United States District Court, N.D. Alabama, Southern Division
JEFFREY D. WILLINGHAM, Plaintiff,
INDUSTRIAL CHEMICALS, INC. and WILLIAM L. WELCH, JR., Defendants.
MADELINE HUGHES HAIKALA UNITED STATES DISTRICT JUDGE.
Jeffrey Willingham has filed a motion seeking relief from the
Court's order dismissing his RICO claims against
defendants Industrial Chemicals, Inc. and William Welch.
(Doc. 35). Mr. Willingham asks the Court to either reinstate
his RICO claims, allow him to file an amended complaint, or
certify the Court's decision to dismiss his RICO claims
for appeal under Rule 54(b). (Doc. 35, p. 1). For the reasons
explained below, the Court denies Mr. Willingham's motion
defendants fired Mr. Willingham from his job at Industrial
Chemicals. Mr. Willingham alleges that the defendants fired
him because of his disability and because of his race in
violation of the Americans with Disabilities Act and 42
U.S.C. § 1981. (Doc. 18). The defendants have not asked
the Court to dismiss Mr. Willingham's ADA claim, and the
Court previously has determined that Mr. Willingham has
adequately pleaded his claim for race discrimination.
(See Doc. 34).
focus of this order is Mr. Willingham's third theory of
recovery - his RICO theory. Mr. Willingham asserts that IC
and Mr. Welch, Mr. Willingham's “ultimate boss,
” violated RICO because they knowingly employed at
least two illegal aliens, and when IC fired him, the company
unlawfully chose to retain an illegal alien in a job which
Mr. Willingham “had previously performed and was
willing and able to perform again.” (Doc. 18, pp. 4-5).
The Court dismissed Mr. Willingham's RICO claims because
the Court found that “that Mr. Willingham did not plead
facts that would allow the Court to infer that the
defendants' alleged RICO violations were a substantial
factor in the causal chain” that resulted in his
termination. (Doc. 34, p. 6). Because Mr. Willingham alleges
that he worked alongside at least one illegal alien at IC,
and because he alleges that other factors - race and
disability - contributed to his unlawful termination, the
Court was unable to conclude that there was a substantial
causal connection between IC's alleged employment of
illegal aliens and Mr. Willingham's termination. (Doc.
34, pp. 6-8). Mr. Willingham argues that the Court clearly
erred in construing his factual allegations and that he is,
therefore, entitled to relief from the order dismissing his
the interests of finality and conservation of scarce judicial
resources, reconsideration of an order is an extraordinary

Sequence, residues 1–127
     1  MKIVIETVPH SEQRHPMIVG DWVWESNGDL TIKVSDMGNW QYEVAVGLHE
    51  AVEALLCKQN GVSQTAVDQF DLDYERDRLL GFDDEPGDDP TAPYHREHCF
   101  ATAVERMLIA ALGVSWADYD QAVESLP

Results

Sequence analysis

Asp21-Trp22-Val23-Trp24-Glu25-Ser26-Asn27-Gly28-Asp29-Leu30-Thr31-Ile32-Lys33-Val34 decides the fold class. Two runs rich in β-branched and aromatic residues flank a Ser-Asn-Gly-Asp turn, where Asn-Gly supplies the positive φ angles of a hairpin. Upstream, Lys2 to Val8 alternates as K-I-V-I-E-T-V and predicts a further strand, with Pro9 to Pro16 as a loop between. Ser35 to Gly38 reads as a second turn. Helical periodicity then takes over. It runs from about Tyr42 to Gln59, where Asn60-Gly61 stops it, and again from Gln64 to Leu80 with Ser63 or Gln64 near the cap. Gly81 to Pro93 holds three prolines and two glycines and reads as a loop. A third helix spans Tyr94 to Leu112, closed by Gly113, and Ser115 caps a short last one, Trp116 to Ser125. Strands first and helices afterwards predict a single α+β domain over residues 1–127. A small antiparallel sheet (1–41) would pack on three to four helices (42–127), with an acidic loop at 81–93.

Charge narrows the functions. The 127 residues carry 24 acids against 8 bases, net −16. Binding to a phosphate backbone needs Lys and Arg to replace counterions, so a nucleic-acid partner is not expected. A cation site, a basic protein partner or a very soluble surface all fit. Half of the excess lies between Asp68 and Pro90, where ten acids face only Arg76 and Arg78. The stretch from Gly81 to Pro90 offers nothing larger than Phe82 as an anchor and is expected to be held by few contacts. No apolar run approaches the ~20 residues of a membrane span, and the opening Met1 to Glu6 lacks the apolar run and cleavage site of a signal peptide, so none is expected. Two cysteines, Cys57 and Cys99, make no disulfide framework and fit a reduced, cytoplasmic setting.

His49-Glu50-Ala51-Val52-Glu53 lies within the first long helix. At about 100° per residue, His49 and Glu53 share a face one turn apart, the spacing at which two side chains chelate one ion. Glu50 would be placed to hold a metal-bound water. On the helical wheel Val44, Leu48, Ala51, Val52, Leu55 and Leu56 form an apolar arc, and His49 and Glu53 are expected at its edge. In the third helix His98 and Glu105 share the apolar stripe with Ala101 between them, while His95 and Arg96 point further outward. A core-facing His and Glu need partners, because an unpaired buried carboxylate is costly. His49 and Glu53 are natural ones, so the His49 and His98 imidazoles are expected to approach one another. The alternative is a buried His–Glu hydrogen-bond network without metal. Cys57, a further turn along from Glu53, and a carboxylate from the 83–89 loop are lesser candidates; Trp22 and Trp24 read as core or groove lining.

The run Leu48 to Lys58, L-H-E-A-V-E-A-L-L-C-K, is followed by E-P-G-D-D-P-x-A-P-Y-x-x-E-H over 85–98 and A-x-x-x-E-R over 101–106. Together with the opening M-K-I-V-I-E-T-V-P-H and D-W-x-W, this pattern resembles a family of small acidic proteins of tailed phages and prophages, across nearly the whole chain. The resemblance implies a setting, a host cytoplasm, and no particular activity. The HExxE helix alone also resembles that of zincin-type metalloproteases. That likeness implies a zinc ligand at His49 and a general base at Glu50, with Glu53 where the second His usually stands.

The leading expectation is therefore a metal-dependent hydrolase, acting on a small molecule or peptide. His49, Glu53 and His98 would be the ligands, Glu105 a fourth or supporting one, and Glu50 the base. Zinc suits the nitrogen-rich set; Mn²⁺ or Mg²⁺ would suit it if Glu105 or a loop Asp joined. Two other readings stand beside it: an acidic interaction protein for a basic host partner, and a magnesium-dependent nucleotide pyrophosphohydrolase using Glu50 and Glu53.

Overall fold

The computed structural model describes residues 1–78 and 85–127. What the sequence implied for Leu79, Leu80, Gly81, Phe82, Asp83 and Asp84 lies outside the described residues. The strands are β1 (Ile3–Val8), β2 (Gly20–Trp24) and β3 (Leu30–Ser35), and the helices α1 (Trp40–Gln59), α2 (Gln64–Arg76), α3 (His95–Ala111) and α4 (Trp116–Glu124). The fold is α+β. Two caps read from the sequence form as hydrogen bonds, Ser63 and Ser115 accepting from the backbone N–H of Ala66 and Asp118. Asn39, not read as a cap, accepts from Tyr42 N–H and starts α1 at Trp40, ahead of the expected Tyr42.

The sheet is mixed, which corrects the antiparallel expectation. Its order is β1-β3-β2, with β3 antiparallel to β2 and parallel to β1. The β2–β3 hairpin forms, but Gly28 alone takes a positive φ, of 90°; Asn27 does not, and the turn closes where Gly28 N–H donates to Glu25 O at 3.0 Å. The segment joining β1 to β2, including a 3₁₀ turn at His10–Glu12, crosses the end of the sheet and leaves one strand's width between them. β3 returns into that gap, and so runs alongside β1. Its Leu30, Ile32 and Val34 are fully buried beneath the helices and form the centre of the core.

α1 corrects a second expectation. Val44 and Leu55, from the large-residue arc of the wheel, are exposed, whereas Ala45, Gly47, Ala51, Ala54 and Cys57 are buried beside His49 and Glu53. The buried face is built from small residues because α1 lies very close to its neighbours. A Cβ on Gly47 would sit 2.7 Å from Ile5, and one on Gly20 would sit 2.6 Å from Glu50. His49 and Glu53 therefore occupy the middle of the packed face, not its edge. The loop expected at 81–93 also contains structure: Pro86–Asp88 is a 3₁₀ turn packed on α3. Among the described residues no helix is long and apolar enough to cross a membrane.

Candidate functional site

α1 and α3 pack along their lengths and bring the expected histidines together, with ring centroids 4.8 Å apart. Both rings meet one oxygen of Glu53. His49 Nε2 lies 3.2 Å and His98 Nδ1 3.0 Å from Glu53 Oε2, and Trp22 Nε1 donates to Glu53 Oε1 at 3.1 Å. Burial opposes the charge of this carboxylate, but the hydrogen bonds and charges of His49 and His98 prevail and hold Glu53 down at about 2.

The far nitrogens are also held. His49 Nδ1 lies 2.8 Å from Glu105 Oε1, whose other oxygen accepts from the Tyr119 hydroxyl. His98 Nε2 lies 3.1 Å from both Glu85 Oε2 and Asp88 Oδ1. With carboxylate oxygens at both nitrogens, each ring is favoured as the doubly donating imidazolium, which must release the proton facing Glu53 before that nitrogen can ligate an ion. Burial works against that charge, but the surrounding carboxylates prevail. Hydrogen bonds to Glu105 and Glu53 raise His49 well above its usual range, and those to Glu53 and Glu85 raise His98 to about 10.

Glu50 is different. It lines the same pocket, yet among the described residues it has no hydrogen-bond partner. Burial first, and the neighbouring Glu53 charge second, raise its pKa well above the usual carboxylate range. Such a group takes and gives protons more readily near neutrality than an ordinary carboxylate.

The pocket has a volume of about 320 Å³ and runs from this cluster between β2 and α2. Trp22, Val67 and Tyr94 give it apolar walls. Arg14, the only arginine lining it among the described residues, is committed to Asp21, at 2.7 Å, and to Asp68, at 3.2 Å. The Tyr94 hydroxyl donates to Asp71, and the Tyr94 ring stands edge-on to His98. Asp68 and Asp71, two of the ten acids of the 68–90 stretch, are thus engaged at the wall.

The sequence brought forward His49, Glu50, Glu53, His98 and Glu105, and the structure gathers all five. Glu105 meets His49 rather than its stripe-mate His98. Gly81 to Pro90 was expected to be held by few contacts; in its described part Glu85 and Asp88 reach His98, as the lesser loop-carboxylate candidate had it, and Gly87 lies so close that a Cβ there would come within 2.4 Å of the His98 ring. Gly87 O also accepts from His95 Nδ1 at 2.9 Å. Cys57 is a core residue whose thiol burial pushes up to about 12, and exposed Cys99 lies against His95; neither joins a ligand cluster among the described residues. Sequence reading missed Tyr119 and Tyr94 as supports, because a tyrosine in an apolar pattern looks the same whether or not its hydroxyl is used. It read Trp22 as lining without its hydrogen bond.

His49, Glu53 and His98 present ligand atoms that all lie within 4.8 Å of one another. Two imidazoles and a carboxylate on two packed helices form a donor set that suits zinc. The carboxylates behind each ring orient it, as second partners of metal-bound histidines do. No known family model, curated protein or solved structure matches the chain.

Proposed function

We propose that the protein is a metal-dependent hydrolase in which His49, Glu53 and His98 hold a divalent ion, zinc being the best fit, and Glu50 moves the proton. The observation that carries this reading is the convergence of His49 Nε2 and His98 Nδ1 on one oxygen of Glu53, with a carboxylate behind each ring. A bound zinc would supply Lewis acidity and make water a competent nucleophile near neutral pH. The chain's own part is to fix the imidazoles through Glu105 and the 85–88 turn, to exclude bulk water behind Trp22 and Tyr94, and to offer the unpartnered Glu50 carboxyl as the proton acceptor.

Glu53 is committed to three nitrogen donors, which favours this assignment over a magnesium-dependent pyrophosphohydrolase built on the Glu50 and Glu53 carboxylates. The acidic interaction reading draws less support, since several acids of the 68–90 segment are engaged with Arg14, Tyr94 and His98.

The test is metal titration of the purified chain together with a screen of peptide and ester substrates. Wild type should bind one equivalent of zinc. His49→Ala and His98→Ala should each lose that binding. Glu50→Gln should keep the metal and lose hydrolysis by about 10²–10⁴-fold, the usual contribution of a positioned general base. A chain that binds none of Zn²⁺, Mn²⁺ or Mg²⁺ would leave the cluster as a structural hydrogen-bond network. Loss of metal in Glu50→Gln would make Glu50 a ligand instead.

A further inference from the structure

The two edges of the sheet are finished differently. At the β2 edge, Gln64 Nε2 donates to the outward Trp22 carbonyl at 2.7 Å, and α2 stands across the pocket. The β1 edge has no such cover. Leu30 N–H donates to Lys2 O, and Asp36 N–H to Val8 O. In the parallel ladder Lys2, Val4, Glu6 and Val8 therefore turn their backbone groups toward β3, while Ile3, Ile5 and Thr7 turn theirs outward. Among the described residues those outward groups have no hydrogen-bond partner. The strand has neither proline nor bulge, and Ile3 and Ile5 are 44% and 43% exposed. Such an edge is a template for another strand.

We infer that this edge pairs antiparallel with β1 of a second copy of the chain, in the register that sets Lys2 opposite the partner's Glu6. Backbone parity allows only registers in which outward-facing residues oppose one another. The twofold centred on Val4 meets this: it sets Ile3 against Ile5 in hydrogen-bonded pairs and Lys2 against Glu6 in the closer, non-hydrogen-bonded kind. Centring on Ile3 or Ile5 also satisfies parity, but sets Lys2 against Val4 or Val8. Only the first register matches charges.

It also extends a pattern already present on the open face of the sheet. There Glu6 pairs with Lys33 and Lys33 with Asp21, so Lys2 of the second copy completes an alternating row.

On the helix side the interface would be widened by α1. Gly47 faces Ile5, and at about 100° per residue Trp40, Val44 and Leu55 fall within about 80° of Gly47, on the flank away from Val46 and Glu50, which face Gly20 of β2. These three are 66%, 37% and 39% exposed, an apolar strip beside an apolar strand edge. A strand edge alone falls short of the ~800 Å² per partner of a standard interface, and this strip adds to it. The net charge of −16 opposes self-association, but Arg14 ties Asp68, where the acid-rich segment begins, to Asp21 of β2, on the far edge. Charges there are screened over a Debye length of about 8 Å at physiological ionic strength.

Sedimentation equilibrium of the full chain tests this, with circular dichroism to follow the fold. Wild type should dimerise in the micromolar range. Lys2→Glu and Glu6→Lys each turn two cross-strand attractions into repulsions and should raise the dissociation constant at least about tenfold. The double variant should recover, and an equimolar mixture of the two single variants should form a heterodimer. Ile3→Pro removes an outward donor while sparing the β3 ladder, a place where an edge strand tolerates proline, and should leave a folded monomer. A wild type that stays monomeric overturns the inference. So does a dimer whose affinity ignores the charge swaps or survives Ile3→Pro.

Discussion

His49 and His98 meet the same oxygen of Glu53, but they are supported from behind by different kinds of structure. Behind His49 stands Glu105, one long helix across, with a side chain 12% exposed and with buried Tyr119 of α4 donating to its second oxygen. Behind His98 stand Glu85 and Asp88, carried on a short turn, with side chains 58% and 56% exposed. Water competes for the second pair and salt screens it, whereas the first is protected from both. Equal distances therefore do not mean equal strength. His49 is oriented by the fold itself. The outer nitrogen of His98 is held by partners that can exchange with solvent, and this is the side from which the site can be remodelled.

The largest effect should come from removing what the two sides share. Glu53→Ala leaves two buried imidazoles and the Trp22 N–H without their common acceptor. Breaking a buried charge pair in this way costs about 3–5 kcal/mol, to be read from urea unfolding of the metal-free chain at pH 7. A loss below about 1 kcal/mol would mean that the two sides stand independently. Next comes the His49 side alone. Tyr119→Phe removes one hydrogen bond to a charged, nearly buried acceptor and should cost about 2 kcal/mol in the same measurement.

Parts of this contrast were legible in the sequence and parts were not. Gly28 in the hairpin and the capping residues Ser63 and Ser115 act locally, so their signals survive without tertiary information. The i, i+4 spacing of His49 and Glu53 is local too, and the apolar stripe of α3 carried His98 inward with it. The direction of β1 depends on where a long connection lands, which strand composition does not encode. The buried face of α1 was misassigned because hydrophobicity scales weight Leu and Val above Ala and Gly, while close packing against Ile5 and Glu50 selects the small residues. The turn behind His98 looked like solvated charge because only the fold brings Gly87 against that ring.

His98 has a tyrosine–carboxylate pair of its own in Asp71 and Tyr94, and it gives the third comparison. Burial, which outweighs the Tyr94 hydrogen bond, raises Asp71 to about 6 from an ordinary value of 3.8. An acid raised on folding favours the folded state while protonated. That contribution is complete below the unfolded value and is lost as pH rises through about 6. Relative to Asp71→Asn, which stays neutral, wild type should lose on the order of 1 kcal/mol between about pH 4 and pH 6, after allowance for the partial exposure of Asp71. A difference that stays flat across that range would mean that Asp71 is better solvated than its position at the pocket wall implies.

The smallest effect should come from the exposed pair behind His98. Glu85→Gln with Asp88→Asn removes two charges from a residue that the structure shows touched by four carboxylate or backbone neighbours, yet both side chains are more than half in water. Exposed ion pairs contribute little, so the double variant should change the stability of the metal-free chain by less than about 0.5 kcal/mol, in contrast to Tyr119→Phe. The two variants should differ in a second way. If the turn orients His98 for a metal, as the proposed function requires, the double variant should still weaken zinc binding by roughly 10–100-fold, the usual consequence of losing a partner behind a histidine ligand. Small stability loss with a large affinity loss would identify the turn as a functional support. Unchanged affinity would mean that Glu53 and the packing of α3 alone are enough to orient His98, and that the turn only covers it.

remedy and is employed sparingly.” Wallace v.
Holder, 846 F.Supp.2d 1245, 1248 (N.D. Ala. 2012).
Reconsideration is appropriate when there is a “change
in controlling law, ” when new evidence becomes
available, or when a court must correct clear error or
prevent manifest injustice. Wallace, 846 F.Supp.2d
Reinstatement of RICO Claims
Willingham argues that the Court clearly erred when it
concluded that the factual allegations supporting his RICO
claims fail to give rise to an inference of proximate
causation. Mr. Willingham contends that his allegation that
“Defendants fir[ed] Plaintiff, an American, and
retain[ed], and prefer[ed] to retain, at least one illegal
alien” fairly addresses the causation element of his
RICO claims. The Court will assume for purposes of this
motion that Mr. Willingham is correct but still will dismiss
his RICO claims because Mr. Willingham has failed to properly
allege a RICO claim for a separate reason. (Doc. 35, p.
Willingham's RICO allegations fail to state a colorable
RICO claim because there cannot be a RICO conspiracy between
only a company and its employees. See Ray v. Spirit
Airlines, Inc., 836 F.3d 1340 (11th Cir. 2016). To
properly allege a RICO violation, a plaintiff must identify a
RICO enterprise, and the members of an enterprise must be
distinct from one another. Ray, 836 F.3d at 1355-57.
“[A] corporate defendant acting through its officers,
agents, and employees is simply a corporation. Labeling it as
an enterprise as well would only amount to referring to the
corporate 'person' by a different name.”
Ray, 836 F.3d at 1357. Because Mr. Willingham
alleges only that IC conspired with one of its employees, he
has not alleged a valid RICO claim. See Burchfield v.
Indus. Chems., Inc., No. 2:11-CV-2816-RDP, 2012 WL
5872808 (N.D. Ala. Nov. 16, 2012); Danny Lynn Elec. &
Plumbing, LLC v. Veolia ES Solid Waste, No.
2:09CV192-MHT, 2011 WL 2893629, at *2-3 (M.D. Ala. 2011)
(citing cases to support the proposition that “a
corporation and its associated subsidiaries, employees and
agents do not form an enterprise that satisfies the
distinctness requirement under RICO.”).
The Futility of Granting Leave to Amend the
Willingham attached a proposed second amended complaint to
his motion for reconsideration. (Doc. 35-1). Because Mr.
Willingham is outside of the 21-day window for freely
amending his pleading, he may amend if the Court gives him
leave to do so under Federal Rule of Civil Procedure
15(a)(2). That rule provides that a district court should
freely give a plaintiff leave to amend his pleadings
“when justice so requires.” Fed.R.Civ.P.
15(a)(2). But a district court may deny a motion to amend
“when (1) there has been undue delay, bad faith,
dilatory motive, or repeated failure to cure deficiencies by
amendments previously allowed; (2) allowing amendment would
cause undue prejudice to the opposing party; or (3) amendment
would be futile.” Lucas v. USAA Cas. Ins. Co.,
716 Fed.Appx. 866, 870 (11th Cir. 2017); see generally
Corsello v. Lincare, Inc., 428 F.3d 1008, 1015 (11th
Cir. 2005) (denying plaintiff's motion to amend because
“[t]he deficiencies of the second amended complaint
remained in the proposed complaint”).
Mr. Willingham's proposed second amended complaint does
not address the deficiencies in his current complaint. (Doc.
35-1, p. 5). ...